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Even though it is very likely that TransCanada has sought to suspend its application for its proposed 830,000 barrels per day Keystone XL pipeline in order to stave off an imminent veto by U.S. president Barack Obama, we can rightly celebrate that the project continues to be mired in controversy and delays.
But there is an additional point to consider about this.
The Canadian Press reports, "Like a game of pipeline whack-a-mole, a bid by TransCanada Corp., to suspend its controversial, north-south Keystone XL pipeline proposal has elevated the west-east Energy East pipeline plan to the top of Canada's political agenda." Donald Arsenault, New Brunswick's energy minister, says, "There's no doubt it puts a whole lot more attention now on Energy East."
The Council of Canadians has been campaigning against the proposed 1.1 million barrels per day Energy East pipeline that would stretch about 4,600 kilometres from the tar sands in northern Alberta to a tank farm and deep water export terminal for supertankers in the Bay of Fundy at Saint John, New Brunswick.
Additionally, Reuters is now reporting, "TransCanada Corp said on Tuesday [Nov. 3] it is very close to reaching a decision on an alternate crude oil export port for the Energy East pipeline after a proposed terminal [on the St. Lawrence River] in Quebec was cancelled earlier this year. TransCanada will also have a terminal at the pipeline terminus in Saint John, New Brunswick."
There has been previous speculation that the second terminal could be located near Lévis, Bécancour or Baie-des-Sables. These Quebec communities are all situated on the St. Lawrence River. We oppose all of these possible locations. Council of Canadians chairperson Maude Barlow has stated, "To protect the St. Lawrence River we must ban all transport of tar sands bitumen on or near the St. Lawrence River."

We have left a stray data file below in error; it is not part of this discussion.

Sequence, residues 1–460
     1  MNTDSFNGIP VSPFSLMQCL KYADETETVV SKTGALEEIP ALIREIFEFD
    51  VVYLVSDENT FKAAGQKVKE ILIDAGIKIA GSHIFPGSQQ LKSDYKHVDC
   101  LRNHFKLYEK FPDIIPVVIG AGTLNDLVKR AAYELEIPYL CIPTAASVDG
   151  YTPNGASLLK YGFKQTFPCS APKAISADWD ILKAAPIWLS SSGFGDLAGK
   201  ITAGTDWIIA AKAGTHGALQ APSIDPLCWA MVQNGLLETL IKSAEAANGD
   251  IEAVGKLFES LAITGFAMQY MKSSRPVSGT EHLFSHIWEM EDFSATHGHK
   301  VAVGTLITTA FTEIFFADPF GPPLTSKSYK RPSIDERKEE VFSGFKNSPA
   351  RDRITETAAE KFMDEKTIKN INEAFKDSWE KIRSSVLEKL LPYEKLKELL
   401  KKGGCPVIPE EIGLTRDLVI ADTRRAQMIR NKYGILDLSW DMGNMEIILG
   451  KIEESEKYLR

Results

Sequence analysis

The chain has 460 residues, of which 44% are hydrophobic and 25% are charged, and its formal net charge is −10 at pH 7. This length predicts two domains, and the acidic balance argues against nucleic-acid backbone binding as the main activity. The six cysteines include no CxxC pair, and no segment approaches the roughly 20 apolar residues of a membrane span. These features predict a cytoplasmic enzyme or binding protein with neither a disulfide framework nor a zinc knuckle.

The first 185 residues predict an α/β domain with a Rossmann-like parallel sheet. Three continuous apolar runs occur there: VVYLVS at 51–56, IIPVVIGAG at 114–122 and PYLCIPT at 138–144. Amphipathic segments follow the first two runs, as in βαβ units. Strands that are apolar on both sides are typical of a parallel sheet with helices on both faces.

There were also news reports last year that the Energy East pipeline could be extended an additional 500 kilometres from Saint John to a Strait of Canso terminal in Point Tupper, Cape Breton Island, Nova Scotia. That terminal is now almost 50 years old and there are small oil leaks there roughly twice a year due to age, rust and corrosion.
The Council of Canadians is calling for a restoration and enhancement of the protections taken from the Navigable Waters Protection Act by the Harper government at the behest of Big Oil and pipeline companies. We are also calling for Harper's Canadian Environmental Assessment Act (2012) to be replaced by a new Sustainability Assessment Act that would ensure all proposed projects are assessed on the basis of their individual and cumulative impacts and upstream and downstream climate pollution. This new Act would also ensure fair public participation and respect for Indigenous rights.
That's not what the new Trudeau government appears to be promising at this point.
Another Reuters article this week notes, "The Liberals, set to take power after defeating the pipeline-friendly Conservatives in last month's Canadian election, had pledged to 'restore robust oversight' into the environmental assessment process. The Liberal source, who spoke on condition of anonymity, said Energy East approval could be delayed while changes are made, but the project would not necessarily be killed. 'Energy East could happen as long as it meets all the criteria and community buy-in and is done in an environmentally sustainable way,' the source said. 'We're open to Energy East as long as it goes through a very thorough environmental review.'"
Given the Energy East pipeline project would facilitate a 40 per cent expansion of the tar sands in northern Alberta, and given the scientific fact that 85 per cent of the tar sands must remain in the ground to keep global warming below the 2 degrees Celsius upper limit, we strongly disagree that the project could be done "in an environmentally sustainable way."
For more on our campaign to stop the Energy East pipeline, please click here.
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